I’m no rhymester

I got curious about what word or phrase rhymes with hydrangea. I couldn’t think of any, so I requested suggestions from Out There. AI must have generated the lists I saw, as offerings included grandma, grandpa, and raffia. Mentally, I give each zero points and a nasty buzzer noise.

Fruity thoughts


The English word avocado etymologically traces to the Nahuatl (“Aztec”) āhuacatl also written auacatl. The spelling is different, but the sounds are more similar. That final -tl is tricky. We English speakers tend to stick a vowel sound between them. Nope. It’s slightly easier for me to eliminate the vowel temptation by starting with tl- in practice. Still, -tl without a vowel sound is against the customary English sound patterns.

It’s better to learn a language by listening rather than reading/writing, I think….


Had a few plumbers through the house today, even though we don’t have lead pipes (I hope!). Mostly plastic instead. We don’t call them plasticers (plastickers?), though. Anyway, the word is that the flushing mechanisms now are all tip-top.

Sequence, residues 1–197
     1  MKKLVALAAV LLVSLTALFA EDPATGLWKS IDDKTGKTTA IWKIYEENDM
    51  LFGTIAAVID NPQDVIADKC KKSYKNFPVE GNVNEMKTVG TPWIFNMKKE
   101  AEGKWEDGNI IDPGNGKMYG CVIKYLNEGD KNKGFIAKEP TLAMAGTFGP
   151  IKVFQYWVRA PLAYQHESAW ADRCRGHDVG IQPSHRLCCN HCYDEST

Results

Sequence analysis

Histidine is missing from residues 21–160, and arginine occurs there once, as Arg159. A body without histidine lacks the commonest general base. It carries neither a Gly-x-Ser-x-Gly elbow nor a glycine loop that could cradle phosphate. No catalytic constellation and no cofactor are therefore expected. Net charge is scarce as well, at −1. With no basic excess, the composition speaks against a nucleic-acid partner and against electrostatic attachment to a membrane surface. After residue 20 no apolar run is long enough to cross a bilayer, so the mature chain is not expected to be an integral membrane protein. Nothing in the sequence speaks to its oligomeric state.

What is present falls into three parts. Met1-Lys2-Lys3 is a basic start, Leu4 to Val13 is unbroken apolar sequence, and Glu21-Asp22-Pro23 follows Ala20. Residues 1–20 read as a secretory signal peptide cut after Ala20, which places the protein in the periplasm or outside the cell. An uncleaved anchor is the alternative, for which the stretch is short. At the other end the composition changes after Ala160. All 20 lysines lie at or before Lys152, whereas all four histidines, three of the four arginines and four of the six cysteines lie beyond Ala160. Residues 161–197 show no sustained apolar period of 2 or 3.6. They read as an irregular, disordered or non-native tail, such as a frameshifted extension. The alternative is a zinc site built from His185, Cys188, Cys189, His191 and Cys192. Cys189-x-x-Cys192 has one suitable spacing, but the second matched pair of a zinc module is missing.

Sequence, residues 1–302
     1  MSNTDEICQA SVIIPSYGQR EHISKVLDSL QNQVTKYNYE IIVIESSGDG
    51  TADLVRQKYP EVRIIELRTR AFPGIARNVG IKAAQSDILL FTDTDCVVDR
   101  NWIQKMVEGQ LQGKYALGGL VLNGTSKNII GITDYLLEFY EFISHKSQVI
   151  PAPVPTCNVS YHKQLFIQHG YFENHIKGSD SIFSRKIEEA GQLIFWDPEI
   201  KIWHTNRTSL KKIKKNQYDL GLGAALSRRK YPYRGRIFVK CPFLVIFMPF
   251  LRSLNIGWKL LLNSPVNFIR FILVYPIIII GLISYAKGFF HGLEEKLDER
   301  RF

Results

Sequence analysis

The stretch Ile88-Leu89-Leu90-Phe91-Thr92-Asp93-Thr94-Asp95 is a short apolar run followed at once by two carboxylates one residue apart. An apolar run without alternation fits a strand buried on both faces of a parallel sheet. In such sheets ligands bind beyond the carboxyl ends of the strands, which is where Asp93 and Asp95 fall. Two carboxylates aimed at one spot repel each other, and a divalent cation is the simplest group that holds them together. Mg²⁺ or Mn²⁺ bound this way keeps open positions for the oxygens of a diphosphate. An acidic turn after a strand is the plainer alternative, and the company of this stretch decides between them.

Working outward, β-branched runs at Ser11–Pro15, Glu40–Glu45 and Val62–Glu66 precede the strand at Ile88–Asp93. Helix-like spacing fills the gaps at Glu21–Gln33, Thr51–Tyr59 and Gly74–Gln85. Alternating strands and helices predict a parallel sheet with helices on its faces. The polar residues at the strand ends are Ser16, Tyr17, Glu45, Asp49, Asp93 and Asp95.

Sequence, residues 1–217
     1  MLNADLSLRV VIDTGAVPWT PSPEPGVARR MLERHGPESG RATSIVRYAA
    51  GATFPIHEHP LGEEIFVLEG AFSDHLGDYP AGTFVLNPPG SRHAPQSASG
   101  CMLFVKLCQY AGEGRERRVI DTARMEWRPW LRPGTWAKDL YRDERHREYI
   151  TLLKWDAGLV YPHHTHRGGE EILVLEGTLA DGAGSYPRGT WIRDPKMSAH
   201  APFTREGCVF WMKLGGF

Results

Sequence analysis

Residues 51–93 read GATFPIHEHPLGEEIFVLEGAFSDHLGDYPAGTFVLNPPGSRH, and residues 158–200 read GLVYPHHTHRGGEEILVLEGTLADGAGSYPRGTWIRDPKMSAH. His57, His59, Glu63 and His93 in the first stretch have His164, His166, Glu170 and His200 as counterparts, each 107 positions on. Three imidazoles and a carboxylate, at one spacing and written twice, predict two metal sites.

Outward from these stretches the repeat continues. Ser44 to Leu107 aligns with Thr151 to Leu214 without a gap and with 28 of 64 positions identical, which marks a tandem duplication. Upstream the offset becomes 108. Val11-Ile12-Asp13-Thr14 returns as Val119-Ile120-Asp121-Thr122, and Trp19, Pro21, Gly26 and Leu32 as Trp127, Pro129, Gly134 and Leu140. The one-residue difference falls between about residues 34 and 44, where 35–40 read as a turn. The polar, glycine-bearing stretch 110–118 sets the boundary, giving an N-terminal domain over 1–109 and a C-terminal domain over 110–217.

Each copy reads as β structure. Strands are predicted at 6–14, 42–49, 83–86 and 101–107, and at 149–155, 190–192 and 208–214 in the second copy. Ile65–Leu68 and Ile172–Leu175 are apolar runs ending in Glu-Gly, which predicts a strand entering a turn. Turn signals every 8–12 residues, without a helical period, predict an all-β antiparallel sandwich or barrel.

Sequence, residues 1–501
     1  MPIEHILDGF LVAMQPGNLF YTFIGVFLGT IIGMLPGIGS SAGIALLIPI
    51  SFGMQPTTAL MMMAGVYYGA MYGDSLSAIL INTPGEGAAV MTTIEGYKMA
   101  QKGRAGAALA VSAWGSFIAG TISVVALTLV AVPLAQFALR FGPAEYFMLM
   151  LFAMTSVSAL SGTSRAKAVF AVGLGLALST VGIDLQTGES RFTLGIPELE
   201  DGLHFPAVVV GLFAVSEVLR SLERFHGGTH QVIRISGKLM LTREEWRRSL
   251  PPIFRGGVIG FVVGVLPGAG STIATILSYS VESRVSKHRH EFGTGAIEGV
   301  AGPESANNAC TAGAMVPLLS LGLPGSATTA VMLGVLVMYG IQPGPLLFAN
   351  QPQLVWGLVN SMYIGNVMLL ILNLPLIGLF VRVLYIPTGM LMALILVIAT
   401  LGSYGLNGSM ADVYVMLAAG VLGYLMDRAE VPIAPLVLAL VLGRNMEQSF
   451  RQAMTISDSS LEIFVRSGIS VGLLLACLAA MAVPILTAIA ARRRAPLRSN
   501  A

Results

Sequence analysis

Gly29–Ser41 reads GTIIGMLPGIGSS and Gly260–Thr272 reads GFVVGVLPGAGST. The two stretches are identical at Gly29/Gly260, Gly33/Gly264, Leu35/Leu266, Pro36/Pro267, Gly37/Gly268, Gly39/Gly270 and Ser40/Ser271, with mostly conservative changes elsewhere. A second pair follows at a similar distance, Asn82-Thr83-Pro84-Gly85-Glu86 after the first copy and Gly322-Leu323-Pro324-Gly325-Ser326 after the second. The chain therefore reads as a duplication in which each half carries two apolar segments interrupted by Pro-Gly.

Lightweight power

I used our spring REI discount on a lightweight, well-cushioned shoe for my near-daily walks. They look a bit like modernized corrective shoes, but, man-o-man do they feel good for my feet and knees (after two days). [Fingers crossed this continues!]

Words floating by today: Patapsco, prill, torque.

I’m weird

I enjoyed algebra in an odd way because I got to look at x y and z more often…than in literature and other subjects. I still like those letters, their linearity and symmetry, and that they’re at the end of the alphabet.

Live like an oyster shell?

Photo from this day in 2020. Never quite grasped the logic behind “the world is your oyster.” Oysters are slimy and evanescent. Their shells are durable and hang around for thousands of years. If the saying refers to pearls, as some allege, why doesn’t it use the word pearl? I’d rather find parallels, and hope, with oyster shells.

“A”s and “p”s

I’m heartened to see this magnolia awaiting the arrival of the spring awakening.

On the other hand, this pansy is living in the present.

Title refers to lame alliterations in each sentence.

What’s in a name?

Acorns or oak-horns. With what we kids called hats and botanists call cupules. Way back then, I put an acorn hat on a Barbie; she was a forest creature, not a pink city gal.

Photograph poem

Dewy morning.

Dew on blue.

Blue with clouds.

Red Japanese maple leaves. Okay, this is the line that changes the game, although it’s the end here.

Umbels in the sun

The fennel was showing off in the sunshine. Somewhat ironically, the flower form, an umbel, not only is delicate, but the word comes from the Latin umbelle then the French umbella, both meaning sunshade. Sun to sunshade…the circle is complete.